Evelyn Askew was off and running. It was so bad, the hurricane was so bad, why did it have to be so terrible, why hadn’t anybody told her it would be this terrible, had God forsaken the world, the three dogs were hiding upstairs and she couldn’t find them, it had been dark all night, real dark so you couldn’t see your hand up to your face, it was just now getting light enough for her to see the wedding ring on her finger, lordgod she was glad Hiram was dead and wasn’t going through this, but she needed somebody with her, the dogs were godknowswhere, trees all over the place, the river all over the place, can’t get out of the house, wouldn’t want to get out of the house, how were they doing?
Prudence couldn’t believe Evelyn had gotten through. Evelyn couldn’t, either. She was surprised she even remembered how to dial her cell phone. It sounds like trains are all over the place. Avalanches and the wrath of God himself. Then Evelyn cried out.
“What happened?” Prudence called into the phone, waking a heavy, blanket-lathered Nolan. Mimi raced at the door again and ricocheted backwards, her legs scrambling in all directions.
“She needs to go out,” Nolan croaked. Prudence waved him off. Evelyn came back, breathless, in a whisper.
“My front door blew out,” she hissed. “It’s gone.”
Prudence started rocking on the bed, gently. Nolan got up, wobbly, and went to let Mimi out. Prudence saw him in the mirror, just behind his real self. They both looked so tired, so worn out, so old.
The Lopps’ nearest neighbor was howling, but sounding more faraway. She must be moving around, Prudence thought.
“Evelyn, go back where you were. Go into a bathroom. Stay away from the door.”
She could hear the widower sobbing, talking to herself, trying to utter acceptable prayers.
“How are you and Nolan?”
“Oh, we’re fine, honey. You don’t mind us right now. You go to the bathroom. Are you going to the bathroom?”
Nolan unlatched the door and pulled it open. It slammed back into his chest and sent him down hard. Mimi darted out, leaning sideways against the wind that shrieked into the room, almost instantly drenched by a squall. Prudence had no idea which trauma to address first. Mimi had disappeared into the rain like she’d walked into a carwash, Nolan was moaning on the floor, and Evelyn, poor dear Evelyn, was facing her doom.
“Prudence, oh, Prudence,” Evelyn sobbed. “I love you Prudence. I love you so much. I’ve loved you all this time. I wish you hadn’t moved away like you did, but I’m so glad you came back. I do love you. I’ve always loved you …”
Prudence’s line went dead with a crack. No power. Nolan had risen to his knees, and he was trying to catch his breath.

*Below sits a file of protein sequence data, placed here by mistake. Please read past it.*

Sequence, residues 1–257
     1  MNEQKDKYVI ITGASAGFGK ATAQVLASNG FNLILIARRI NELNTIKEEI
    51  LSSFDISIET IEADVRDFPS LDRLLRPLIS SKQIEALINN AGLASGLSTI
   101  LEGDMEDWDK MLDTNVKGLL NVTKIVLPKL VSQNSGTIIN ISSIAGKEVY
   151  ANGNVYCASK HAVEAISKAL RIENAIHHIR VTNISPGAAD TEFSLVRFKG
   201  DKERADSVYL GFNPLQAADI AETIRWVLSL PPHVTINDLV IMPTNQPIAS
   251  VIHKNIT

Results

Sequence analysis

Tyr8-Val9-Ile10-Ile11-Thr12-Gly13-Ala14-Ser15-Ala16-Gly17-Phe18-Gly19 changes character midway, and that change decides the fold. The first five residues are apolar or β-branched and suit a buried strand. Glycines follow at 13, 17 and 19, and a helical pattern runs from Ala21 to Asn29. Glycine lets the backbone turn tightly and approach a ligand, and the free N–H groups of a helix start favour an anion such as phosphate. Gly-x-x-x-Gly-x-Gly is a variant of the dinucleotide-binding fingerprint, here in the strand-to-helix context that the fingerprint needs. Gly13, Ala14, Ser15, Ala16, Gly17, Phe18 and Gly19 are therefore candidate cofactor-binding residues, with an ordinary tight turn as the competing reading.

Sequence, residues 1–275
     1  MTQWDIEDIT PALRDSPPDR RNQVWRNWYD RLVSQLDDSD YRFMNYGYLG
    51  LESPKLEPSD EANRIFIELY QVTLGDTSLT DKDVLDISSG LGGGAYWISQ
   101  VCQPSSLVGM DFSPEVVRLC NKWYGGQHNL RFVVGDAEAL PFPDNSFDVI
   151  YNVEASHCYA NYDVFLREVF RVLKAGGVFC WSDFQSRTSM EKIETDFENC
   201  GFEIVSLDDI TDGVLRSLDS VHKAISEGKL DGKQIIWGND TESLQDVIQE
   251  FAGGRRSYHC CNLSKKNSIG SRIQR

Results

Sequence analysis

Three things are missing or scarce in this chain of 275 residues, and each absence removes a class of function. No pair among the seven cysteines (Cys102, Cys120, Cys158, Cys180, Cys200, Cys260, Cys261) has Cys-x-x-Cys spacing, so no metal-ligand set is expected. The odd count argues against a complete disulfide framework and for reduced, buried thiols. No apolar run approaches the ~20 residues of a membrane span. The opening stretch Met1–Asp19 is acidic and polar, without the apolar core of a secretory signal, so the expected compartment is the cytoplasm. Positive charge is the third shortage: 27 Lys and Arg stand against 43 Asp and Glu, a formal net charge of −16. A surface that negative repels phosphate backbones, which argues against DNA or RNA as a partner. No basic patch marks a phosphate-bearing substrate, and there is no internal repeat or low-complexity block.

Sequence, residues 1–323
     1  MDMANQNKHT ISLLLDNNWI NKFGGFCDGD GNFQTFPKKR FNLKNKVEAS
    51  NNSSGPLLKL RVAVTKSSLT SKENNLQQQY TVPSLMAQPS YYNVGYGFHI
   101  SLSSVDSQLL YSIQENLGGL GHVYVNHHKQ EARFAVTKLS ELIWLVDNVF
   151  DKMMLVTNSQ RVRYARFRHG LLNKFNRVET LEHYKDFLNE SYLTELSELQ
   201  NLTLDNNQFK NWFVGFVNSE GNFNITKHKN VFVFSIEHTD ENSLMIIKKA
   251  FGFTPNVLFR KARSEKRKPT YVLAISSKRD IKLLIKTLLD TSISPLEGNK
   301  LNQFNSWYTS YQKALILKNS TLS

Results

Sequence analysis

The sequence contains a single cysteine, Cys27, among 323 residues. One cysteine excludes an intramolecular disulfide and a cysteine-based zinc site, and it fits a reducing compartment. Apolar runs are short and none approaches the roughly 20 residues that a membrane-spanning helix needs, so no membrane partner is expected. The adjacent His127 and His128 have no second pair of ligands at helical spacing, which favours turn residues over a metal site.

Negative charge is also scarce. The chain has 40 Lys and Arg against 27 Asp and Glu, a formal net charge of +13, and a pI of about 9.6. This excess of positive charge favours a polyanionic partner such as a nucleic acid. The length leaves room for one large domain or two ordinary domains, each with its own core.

“My sugar …” he rattled, groping for the wall so he could stand up. The metal door kept slapping against his ankle, swinging from the wall to his leg. Water was gushing in through the opening, soaking him.
Prudence got over and helped him up. He was crying. She sat him down on Mimi’s bed, then shoved against the door until she got it closed. She locked it, the rasp of the latch causing her stomach to pinch. Mimi was out there.
“Where is she? Did she come back in?”
Prudence told him she hadn’t. But she’d be OK. She’d find someplace to huddle, maybe in a breezeway behind a vending machine. Mimi had good sense.
“Oh lord, what else can happen?” Nolan was quivering, in no shape to be so upset.
Prudence had seen her daddy break down like this once, just one time. He was never a quiet man like so many around could be, but he never showed when he was beaten. Except for that once. And she’d been the only witness to it. He’d come home from a trip to Richmond, where he did all of his important business, selling farmland to companies. Sometimes he bought land. He’d come home this time, just getting out of the car, when her mother had walked up and handed him a note. She just strode up to him, Big Jim Steves, stuck a folded paper in his hand, and walked off like she did it just like that every time he came home.
Her daddy had read the note, slowly pulled off his fashionable pork pie hat, and went down on one knee, gasping for air. His face gray as a mule’s ass. Just like Nolan’s now. He went slumped against the quarter panel, talking, but not so loud that Prudence could hear. His face had gone yellow, then white. It got pink as he fell over in the dirt. She stood there and stared for a good while before he got up, got back in his Cadillac Eldorado and drove back out the way he’d come in. When he showed up, again, a few hours later, he was drunk silly.
He never said a word about it. And he and her mother acted little it’d never happened. They went on same as always.
She curled her arm gently around Nolan’s head, kissing him softly on his bald spot.